3. If the answer is ‘No’ to any one of these questions, how can I change that?


Week 9 – Day 60: What Children Mean to Parents



“Behold, children are a heritage from the Lord, the fruit of the womb a reward. Like arrows in the hand of a warrior are the children of one’s youth. Blessed is the man who fills his quiver with them! He shall not be put to shame when he speaks with his enemies in the gates.” Psalm 127:305 ESV

After the pain of childbirth comes the sublime joy of holding the newborn. Smiles appear on the faces of all concerned. Soon after, proud parents show off their delightful offspring to waiting grandparents, other relatives, and friends. Congratulatory cards and gifts may be presented. Becoming a parent is a joyous occasion.

Then, there are the sleepless nights, the worries, the mischief of the toddler years, and as the child grows, lessons in obedience, in learning how to be a responsible worker at school or music lessons, and the sometimes difficult path of navigating friendships. But throughout the years at home, Mom and Dad also see their child grow in accomplishments and express their love for family. So, on the one hand, parents have times of tiredness and stress and on the other, times of deep pleasure and satisfaction.

Psalm 127-35 and other scriptures point to these latter times that we might call the blessings of parenthood. Three words express this in the Psalm: “heritage”, “reward”, and “blessed”.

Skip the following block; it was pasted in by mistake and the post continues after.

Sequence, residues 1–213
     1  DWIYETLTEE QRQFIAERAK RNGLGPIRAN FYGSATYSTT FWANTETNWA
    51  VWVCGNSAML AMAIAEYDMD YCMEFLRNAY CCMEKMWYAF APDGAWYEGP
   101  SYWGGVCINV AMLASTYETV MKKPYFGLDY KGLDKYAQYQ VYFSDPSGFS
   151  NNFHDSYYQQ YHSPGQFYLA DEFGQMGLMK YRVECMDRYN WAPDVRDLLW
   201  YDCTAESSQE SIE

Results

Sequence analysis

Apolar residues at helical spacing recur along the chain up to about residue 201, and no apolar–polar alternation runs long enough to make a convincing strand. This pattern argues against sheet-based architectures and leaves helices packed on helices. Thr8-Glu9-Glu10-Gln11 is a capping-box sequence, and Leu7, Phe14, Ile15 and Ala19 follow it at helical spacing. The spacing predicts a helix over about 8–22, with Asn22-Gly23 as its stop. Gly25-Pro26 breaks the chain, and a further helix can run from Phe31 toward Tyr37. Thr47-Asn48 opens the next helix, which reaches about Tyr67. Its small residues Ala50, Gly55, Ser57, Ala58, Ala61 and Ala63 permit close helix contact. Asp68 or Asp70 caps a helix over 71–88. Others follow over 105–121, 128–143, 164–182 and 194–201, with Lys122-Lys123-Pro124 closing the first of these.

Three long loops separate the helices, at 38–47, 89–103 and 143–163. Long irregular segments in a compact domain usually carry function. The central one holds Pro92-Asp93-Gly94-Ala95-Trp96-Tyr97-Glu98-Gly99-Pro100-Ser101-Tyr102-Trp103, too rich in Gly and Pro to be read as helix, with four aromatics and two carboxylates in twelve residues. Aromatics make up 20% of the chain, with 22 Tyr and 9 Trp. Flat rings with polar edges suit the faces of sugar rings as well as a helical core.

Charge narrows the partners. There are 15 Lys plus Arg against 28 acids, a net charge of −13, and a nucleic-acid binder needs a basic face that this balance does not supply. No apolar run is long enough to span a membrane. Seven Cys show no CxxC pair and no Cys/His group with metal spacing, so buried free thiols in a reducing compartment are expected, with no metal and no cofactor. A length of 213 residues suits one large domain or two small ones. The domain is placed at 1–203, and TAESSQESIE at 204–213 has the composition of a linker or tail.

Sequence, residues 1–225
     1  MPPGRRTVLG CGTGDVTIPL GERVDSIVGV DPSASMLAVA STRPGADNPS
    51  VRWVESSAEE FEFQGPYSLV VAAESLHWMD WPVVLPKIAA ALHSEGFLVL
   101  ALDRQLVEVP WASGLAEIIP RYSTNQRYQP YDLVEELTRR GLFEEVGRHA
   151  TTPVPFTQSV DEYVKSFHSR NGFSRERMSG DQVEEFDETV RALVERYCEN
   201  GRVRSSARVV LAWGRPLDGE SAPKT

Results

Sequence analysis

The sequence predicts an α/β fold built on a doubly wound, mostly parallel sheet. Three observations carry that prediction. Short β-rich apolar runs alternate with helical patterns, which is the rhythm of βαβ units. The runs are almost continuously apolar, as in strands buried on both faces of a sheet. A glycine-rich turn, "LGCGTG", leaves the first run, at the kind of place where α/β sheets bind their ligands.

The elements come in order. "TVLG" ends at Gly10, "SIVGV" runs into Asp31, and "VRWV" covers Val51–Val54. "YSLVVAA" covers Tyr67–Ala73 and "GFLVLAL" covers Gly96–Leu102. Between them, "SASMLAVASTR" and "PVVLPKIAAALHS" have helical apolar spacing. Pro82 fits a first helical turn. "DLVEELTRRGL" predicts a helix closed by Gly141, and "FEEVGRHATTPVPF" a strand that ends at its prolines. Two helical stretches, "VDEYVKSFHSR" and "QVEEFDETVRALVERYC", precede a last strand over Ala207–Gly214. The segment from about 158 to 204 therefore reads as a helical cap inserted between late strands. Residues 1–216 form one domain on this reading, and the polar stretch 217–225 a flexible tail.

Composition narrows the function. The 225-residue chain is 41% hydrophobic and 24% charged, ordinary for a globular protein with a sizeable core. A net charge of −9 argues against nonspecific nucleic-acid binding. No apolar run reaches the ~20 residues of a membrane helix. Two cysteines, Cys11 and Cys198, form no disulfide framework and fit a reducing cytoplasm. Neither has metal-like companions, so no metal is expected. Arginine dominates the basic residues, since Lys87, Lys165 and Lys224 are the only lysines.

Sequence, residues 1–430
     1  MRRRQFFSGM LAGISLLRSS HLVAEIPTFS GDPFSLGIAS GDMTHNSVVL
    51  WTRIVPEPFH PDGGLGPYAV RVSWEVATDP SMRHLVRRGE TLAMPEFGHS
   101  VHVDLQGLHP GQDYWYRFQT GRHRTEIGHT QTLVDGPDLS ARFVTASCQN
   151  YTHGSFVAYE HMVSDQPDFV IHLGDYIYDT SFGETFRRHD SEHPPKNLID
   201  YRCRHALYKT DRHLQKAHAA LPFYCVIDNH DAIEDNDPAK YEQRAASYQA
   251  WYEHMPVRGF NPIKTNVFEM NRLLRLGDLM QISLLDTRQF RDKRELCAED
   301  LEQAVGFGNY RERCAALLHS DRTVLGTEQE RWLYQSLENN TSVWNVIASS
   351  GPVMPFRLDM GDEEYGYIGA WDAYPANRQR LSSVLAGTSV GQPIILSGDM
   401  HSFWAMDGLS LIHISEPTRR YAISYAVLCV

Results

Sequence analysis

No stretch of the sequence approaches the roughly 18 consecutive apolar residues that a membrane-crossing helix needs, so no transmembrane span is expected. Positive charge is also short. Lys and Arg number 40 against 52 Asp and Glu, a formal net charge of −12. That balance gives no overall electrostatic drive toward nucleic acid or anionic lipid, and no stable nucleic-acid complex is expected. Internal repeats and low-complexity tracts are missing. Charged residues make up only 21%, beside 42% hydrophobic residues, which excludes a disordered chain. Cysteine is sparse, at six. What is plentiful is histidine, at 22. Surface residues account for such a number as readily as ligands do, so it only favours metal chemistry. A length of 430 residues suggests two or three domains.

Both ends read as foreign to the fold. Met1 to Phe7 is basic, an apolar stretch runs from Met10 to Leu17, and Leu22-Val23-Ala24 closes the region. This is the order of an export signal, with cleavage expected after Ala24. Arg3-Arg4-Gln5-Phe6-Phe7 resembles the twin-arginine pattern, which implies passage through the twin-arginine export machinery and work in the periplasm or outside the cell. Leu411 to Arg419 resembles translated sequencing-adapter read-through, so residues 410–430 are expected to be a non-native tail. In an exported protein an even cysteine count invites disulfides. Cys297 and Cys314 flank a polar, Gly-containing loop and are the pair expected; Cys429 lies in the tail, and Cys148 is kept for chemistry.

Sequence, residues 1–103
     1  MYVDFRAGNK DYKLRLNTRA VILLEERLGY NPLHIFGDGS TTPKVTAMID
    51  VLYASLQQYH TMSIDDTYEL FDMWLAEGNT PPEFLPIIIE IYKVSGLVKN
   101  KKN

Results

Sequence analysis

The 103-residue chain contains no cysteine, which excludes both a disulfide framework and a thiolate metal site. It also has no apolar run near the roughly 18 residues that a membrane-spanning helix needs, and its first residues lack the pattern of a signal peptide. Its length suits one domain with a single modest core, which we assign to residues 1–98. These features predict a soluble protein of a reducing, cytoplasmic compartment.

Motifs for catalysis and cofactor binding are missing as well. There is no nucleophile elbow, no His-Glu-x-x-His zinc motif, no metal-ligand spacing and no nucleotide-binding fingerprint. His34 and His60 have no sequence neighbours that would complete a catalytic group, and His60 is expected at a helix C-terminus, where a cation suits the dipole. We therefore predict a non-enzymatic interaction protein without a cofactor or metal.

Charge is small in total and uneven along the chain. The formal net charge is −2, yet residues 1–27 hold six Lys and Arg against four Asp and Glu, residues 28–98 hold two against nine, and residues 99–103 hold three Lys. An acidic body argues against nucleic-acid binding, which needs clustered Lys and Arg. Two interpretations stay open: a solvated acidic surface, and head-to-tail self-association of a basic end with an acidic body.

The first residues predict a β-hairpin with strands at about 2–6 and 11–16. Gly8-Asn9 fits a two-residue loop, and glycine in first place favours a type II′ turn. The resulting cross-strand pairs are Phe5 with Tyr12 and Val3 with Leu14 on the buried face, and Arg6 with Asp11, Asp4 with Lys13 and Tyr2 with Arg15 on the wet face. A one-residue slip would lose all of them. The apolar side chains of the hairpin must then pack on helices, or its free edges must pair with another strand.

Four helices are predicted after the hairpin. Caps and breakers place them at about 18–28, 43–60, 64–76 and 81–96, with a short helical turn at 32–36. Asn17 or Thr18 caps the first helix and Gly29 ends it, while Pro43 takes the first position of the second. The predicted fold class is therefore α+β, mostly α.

HERITAGE: Psalm 127 is about building a “house”. The house may be an estate of wealth or reputation, but, if the Lord wills, its most precious heritage is a family. Children are said to be the best gift we can leave the world. These children come from the Lord.

            REWARD: Children are also called a “reward”. Charles Spurgeon wrote, “He gives children, not as a penalty nor as a burden, but as a favour.” (Treasury of David, Vol. III, page 85) This is important to remember when they are being disobedient or disrespectful. We take good care of His reward then in how we manage the situation.

            BLESSED: The Psalm likens children to arrows in the hunter’s or soldier’s quiver. Arrows help the hunter or soldier accomplish a purpose. Children can help the parent accomplish things for God now, and then can carry on the parent’s work to another generation. Surely this is a blessing. The verse mentions a full quiver. Spurgeon reflects on having a large number of children and says, “Of course a large number of children means a large number of trials; but when these are met by faith in the Lord it also means a mass of love, and a multitude of joys.” We are “blessed” by the children in our lives, whether few or many, and if a person has no children of his or her own, there are others waiting for guidance who can likewise bring this joy.

Other places in the Bible also talk about these blessings.

            Proverbs 23:24, “The father of the righteous will greatly rejoice; he who fathers a wise son will be glad in him.” – When children choose to follow the Lord and apply God’s wisdom to daily life, the parents are full of joy and gratitude to God.